Signposts for Building Better Behaviour
|CfC FP Objective||Supporting Families and Parents |
Early Learning and Care
|Delivered to||Parents of children aged 3 to 16 with a disability or developmental delay or parents of typically developing children who are early primary school aged.|
|Delivered by||Family and child practitioners|
|Delivery setting||Community-based; school-based; home-based|
|Program developer||Parenting Research Centre|
About the program
The Signposts for Building Better Behaviour program equips parents with strategies that promote positive behaviour in their children with an intellectual or developmental disability.
The program can be delivered as:
- 6 to 8 x 2 to 2.5-hour fortnightly group sessions delivered in services
- individual face-to face delivery at parents’ or carers’ home or clinic.
Signposts Early School is a variation of the program for typically developing children of early primary school age.
Training dates and costs are made available by contacting the Signposts team.
Variable, depending on the agreed structure of the training.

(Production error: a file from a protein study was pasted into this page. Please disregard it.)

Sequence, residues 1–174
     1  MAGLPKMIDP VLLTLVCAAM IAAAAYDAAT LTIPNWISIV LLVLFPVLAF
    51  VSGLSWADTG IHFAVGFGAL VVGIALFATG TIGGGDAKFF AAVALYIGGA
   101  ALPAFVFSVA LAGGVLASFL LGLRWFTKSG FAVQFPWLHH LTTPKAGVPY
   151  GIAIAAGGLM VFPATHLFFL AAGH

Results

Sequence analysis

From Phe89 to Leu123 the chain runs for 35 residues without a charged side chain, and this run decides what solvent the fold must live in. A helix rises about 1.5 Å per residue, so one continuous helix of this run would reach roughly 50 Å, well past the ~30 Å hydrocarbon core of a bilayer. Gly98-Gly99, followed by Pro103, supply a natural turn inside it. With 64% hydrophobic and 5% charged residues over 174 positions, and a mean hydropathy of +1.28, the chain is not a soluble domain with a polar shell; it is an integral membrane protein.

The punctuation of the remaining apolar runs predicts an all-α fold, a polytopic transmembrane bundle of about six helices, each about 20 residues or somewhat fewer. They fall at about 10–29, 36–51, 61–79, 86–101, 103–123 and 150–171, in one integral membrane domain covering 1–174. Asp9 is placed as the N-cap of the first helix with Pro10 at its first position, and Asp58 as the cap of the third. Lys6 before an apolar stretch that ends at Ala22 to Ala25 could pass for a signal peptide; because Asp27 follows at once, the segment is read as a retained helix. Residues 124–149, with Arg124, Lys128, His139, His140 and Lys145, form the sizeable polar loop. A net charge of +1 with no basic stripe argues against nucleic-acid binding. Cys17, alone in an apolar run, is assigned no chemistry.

Evaluation and effectiveness
Signposts has been evaluated using a quasi-experimental design (Hudson, Matthews, Gavidia-Payne, Cameron, Mildon, Radler & Nankervis, 2003). Families involved in the evaluation were assigned to a control waitlist group (n=27) or 1 of 3 intervention groups:
- group support (n=46)
- telephone support (n=13)
- self-directed (n=29).
The outcomes of this study demonstrated positive results for parents that received the intervention indicating that they were less stressed and more confident in their parenting ability than those in the control group.
A complete list of Signpost studies are available on the Parenting Research Centre website.
Hudson, A. M., Matthews, J. M., Gavidia-Payne, S. T., Cameron, C. A., Mildon, R. L., Radler, G. A., & Nankervis, K. L. (2003). Evaluation of an intervention system for parents of children with intellectual disability and challenging behaviour. Journal of Intellectual Disability Research, 47(4/5), 238–249. https://doi.org/10.1046/j.1365-2788.2003.00486.x